Advantages of Fibre Cement Roof For Your Farm Building

Fibre Cement Roofing

For any working farm, having suitable buildings and equipment in place to ensure the smooth day-to-day running of operations is essential. Farm buildings must be carefully constructed using only the best materials and a fibre cement roof is just one of the leading options currently available.

Speaking to Duane Roberts, Senior Draughtsman at Graham Heath Construction, about this fantastic construction material, we look at the advantages of choosing a fibre cement roof for farm buildings.

What is fibre cement?

Fibre cement is a composite construction material which reinforces cement (a substance which undergoes a chemical reaction with water to produce something as hard as stone) with fibre for added strength. It’s versatility and durability make it popular with both cladding and roofing.

Advantage: improved ventilation

One of the main advantages of a fibre cement roof in farm buildings is improved ventilation. The construction and makeup of fibre cement allows it be vented for increased airflow and this is essential for buildings containing livestock.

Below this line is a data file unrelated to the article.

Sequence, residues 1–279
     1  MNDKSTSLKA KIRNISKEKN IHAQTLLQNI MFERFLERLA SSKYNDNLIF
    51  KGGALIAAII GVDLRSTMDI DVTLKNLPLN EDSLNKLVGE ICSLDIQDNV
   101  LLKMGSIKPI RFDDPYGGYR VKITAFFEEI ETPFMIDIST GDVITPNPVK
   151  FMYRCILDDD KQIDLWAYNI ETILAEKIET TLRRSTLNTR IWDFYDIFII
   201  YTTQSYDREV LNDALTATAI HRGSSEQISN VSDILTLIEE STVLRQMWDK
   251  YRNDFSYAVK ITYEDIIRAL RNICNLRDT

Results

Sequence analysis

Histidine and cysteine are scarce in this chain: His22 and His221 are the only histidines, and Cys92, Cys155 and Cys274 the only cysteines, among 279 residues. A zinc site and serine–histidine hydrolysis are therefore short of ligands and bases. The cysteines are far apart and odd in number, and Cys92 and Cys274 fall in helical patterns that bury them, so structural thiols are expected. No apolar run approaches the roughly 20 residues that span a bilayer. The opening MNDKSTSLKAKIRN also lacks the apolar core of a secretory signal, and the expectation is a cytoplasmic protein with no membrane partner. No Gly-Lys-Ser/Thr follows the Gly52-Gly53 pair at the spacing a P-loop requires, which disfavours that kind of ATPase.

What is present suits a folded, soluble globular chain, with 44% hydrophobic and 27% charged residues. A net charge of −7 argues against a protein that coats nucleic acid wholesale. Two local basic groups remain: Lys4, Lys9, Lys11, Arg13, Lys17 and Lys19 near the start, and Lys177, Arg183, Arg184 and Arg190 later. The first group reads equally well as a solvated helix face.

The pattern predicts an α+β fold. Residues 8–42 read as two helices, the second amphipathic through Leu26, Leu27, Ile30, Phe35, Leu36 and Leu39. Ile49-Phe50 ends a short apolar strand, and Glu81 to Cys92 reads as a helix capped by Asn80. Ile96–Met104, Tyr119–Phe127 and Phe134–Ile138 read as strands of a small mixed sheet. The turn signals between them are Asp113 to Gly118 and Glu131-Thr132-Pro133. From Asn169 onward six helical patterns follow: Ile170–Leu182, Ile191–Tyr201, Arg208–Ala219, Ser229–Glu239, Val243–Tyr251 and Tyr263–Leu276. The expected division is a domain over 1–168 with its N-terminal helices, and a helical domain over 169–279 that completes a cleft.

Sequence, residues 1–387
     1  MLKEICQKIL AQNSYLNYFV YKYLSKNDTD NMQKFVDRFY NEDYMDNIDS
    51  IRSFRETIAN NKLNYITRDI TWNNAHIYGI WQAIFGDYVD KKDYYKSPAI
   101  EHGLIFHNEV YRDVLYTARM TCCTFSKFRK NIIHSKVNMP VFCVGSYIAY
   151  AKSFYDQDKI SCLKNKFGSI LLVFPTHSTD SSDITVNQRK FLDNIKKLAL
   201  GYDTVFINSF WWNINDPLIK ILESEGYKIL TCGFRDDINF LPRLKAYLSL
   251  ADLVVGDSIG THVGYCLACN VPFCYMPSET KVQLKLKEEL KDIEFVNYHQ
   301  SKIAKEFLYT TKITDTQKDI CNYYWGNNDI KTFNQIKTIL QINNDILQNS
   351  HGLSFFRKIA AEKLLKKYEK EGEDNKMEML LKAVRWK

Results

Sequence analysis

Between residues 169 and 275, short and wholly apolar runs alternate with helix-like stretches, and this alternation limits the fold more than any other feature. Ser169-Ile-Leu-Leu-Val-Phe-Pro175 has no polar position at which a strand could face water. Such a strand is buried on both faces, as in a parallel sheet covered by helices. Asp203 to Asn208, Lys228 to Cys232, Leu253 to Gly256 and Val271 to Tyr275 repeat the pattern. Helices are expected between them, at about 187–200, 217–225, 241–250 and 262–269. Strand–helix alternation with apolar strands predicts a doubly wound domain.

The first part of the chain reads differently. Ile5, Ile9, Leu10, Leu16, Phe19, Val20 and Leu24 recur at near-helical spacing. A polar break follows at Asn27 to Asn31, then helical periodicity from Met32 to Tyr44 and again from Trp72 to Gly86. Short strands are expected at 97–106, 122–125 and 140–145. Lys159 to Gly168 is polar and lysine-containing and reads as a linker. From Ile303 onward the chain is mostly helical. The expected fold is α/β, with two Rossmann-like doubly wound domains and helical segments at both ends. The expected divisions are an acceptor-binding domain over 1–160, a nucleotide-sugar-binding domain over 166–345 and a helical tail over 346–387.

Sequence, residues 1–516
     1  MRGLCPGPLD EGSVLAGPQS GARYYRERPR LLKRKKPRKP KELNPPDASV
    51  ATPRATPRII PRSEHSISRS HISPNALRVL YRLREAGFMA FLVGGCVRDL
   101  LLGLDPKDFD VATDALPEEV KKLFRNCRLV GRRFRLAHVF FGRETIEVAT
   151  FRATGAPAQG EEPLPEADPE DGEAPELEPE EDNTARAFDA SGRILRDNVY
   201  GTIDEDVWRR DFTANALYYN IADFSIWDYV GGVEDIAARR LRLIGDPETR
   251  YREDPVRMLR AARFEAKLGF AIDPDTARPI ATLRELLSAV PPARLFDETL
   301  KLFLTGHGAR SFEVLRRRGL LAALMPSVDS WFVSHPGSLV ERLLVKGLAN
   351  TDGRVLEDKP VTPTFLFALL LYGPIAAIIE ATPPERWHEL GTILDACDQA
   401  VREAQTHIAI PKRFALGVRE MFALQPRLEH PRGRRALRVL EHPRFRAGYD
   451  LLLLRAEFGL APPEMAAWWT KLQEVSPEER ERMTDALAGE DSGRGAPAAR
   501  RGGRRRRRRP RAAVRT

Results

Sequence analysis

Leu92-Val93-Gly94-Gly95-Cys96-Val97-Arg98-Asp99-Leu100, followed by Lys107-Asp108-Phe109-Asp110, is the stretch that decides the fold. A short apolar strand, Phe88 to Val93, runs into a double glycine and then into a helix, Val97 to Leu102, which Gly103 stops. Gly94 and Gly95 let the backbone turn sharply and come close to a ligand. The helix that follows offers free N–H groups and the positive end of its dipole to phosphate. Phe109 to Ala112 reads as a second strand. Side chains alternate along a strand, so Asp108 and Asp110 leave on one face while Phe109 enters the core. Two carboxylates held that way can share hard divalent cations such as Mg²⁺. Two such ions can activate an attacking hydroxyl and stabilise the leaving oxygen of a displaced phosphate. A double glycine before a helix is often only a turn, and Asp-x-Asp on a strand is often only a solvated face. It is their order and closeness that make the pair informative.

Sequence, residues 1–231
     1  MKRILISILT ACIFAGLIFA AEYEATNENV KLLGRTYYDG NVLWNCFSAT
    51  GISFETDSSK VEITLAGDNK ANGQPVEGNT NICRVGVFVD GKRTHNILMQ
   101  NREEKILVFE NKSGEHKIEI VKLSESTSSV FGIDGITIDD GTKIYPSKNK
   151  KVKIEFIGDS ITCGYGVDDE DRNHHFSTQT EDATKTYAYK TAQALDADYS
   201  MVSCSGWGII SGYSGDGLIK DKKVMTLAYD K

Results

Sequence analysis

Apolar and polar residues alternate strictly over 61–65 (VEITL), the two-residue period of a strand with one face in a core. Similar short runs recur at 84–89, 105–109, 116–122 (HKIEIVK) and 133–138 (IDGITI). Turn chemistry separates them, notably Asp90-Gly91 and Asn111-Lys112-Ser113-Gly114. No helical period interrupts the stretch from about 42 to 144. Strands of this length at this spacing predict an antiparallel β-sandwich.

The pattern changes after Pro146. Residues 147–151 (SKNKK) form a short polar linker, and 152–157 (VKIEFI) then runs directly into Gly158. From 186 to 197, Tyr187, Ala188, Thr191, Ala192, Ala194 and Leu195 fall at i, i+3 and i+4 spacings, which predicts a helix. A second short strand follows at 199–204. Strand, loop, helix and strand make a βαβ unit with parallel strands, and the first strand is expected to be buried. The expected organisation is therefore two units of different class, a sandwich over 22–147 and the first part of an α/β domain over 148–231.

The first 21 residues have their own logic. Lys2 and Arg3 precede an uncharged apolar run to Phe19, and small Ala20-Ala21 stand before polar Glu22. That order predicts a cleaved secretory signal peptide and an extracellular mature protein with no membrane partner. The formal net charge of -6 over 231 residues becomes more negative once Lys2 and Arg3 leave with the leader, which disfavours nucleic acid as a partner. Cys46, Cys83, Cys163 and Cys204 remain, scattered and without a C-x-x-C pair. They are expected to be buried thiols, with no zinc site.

Advantage: no condensation or leaks

Fibre cement roofs also prevent leaks or condensation, helping to maintain a stable and comfortable internal environment which is once again perfect for buildings holding livestock.
Water is essentially soaked up or evaporated and won’t drip down into the internal structure like it would with some other roofing construction materials. This is of particular use in the summer months when the heat of livestock could result in increased humidity and condensation.

Advantage: aesthetics

As well as performing practical functions, fibre cement roofs also have aesthetic benefits. They offer a traditional and simple design which is ideal for many farm buildings and ensure that performance is not hindered for the sake of style.

What buildings should it be used for?

The specific benefits of fibre cement roofs mean that they are ideal for farm buildings containing livestock. Although they can also be suitable for other buildings – such as workshops or outbuildings – there are other construction materials which could work just as well, if not better. This includes box profile roofs which are particularly popular with buildings which do not contain livestock.